Cloud computing and insurance
Observing the buzz on cloud computing, I enjoy finding pearls of wisdom among 99% gobbledegook.
The term Cloud had its luck last year. How come it made such a career in 12 months? You've heard the story x times, so here's my version. Late 2007 brought Nick Carr's "The Big Switch" which coincided with Amazon announcing EC2. These two came as a revelation to all the Grid vendors, scratching their heads as the term "grid" faded in its popularity in press. So the Grid guys willingly embraced the Cloud (luckilly equally ambiguous and broad) as their "new" paradigm. Amazon made it into the news for making the difference in the industry. Carr won applause as an instant prophet, as he predicted the Cloud and the Cloud happened. And the press folks could write tons of new material about Carr, Amazon, Salesforce, and the surprising heaps of new Cloud businesses. See? Everyone instantly happy. Added value? Very little.
Today UnivaUD sends me their newest white paper "A cloud guide for HPC", which essentially recommends their software as a kickstart for migrating to clouds. This company was started in 2004 by some former colleagues and superiors of mine from Argonne Lab, so I like to follow up with their developments. Univa, once a grid business, now attempts to build a semi-complete software stack linking HPC parallel processing environments with a possible external cloud environment. I read their paper. It made me go through some deep educational findings such as "I recommend multiple levels of security, making it difficult for hackers to break.” Oh really? But then I found something for myself.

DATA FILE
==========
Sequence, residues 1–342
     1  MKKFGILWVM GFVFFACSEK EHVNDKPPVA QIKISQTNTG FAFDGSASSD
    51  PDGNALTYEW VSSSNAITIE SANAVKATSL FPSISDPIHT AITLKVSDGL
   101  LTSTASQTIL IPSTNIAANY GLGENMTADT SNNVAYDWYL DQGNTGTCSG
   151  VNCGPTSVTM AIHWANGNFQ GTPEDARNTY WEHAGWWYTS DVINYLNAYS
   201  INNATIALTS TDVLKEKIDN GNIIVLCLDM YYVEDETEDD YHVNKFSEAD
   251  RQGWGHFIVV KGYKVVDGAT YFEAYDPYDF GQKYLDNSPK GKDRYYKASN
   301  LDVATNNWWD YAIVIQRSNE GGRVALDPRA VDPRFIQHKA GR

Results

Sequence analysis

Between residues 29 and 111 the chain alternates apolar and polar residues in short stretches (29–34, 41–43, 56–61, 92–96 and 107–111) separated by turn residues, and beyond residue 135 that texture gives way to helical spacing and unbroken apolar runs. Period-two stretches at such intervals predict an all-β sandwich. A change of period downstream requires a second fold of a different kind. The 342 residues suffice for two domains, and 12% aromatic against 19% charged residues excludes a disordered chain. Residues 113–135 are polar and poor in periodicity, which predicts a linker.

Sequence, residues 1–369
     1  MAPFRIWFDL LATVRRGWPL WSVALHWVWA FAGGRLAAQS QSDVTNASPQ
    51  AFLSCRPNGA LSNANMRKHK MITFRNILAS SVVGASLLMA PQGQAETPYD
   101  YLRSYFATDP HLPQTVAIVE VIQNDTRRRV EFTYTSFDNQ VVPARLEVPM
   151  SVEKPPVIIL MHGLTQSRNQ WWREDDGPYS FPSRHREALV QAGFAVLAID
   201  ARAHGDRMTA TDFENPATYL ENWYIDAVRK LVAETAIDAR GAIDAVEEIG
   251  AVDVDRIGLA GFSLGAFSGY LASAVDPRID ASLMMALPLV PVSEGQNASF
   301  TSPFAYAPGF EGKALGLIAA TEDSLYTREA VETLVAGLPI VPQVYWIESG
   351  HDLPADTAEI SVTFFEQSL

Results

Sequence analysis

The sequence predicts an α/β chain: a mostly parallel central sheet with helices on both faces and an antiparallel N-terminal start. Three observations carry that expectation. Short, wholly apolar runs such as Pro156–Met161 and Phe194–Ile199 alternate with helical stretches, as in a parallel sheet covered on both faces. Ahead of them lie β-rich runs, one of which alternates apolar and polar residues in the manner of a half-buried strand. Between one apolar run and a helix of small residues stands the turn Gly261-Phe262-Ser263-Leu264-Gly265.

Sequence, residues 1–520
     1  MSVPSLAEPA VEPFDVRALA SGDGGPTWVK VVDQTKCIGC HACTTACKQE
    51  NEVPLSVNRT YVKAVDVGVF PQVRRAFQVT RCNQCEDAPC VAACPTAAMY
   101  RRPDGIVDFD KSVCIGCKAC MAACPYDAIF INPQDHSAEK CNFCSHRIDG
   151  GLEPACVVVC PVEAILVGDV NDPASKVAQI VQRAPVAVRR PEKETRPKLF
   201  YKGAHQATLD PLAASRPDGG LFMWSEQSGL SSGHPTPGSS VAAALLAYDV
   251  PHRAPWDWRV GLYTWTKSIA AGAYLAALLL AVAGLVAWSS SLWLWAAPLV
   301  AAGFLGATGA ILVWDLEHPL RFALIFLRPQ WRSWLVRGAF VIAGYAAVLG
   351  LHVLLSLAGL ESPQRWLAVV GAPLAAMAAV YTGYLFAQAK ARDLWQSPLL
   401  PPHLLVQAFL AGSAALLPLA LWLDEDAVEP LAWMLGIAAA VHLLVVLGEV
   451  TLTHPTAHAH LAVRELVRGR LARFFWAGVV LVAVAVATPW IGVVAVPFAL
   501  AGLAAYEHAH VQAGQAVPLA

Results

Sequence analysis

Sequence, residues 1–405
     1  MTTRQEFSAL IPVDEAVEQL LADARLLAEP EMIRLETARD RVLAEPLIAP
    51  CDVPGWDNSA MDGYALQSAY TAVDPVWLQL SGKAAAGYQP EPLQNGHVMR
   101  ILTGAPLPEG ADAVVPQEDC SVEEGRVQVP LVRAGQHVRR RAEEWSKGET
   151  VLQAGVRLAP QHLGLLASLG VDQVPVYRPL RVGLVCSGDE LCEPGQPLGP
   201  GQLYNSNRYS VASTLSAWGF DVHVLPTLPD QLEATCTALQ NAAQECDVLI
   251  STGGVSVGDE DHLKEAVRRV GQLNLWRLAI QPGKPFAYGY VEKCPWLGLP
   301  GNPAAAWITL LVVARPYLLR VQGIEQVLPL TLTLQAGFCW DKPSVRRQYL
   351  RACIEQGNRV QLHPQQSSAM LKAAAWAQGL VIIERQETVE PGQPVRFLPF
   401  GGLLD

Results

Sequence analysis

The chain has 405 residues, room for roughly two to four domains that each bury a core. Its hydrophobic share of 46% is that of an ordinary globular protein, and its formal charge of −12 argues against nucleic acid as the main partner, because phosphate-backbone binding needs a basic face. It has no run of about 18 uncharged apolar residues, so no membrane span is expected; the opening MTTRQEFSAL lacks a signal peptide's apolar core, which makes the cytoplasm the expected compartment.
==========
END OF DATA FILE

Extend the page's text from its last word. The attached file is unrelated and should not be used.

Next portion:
As one blocking factor for corporations to move on the cloud the author cites "the amount of insurance that may be necessary on the corporate data in the public cloud environments". Agree. Although I would put it differently: "absence of insurance instruments enabling one to safeguard his data on the cloud".
Contrarily to most people I met, I don't see how the fact of "storing one's data externally" could in the long term remain a blocking factor to businesses considering to use the cloud. After all, something similar has been happening all the time: we all grant access to our data to contractors, suppliers, service providers, data center outsourcers, etc. Why is this acceptable? Because of the contract, which allows to transfer the responsibility for any information leakage, mitigating the risk.
So the problem is not technical, it is a legal one and eventually, financial.
Same will happen to the cloud business, sooner or later. Once there are legal and financial instruments, including insurance, allowing to mitigate the risk, the discussion will stop. And these will appear sooner or later, as utility computing and pay-as-you-go model becomes a standard way of doing things in IT. Interesting that with all the buzz on Cloud, I haven't heard much discussion on financial or legal tools that would indeed drive the adoption, by forcing the problem away from technology. Perhaps except post like this one, essentially observing that the niche is there, empty.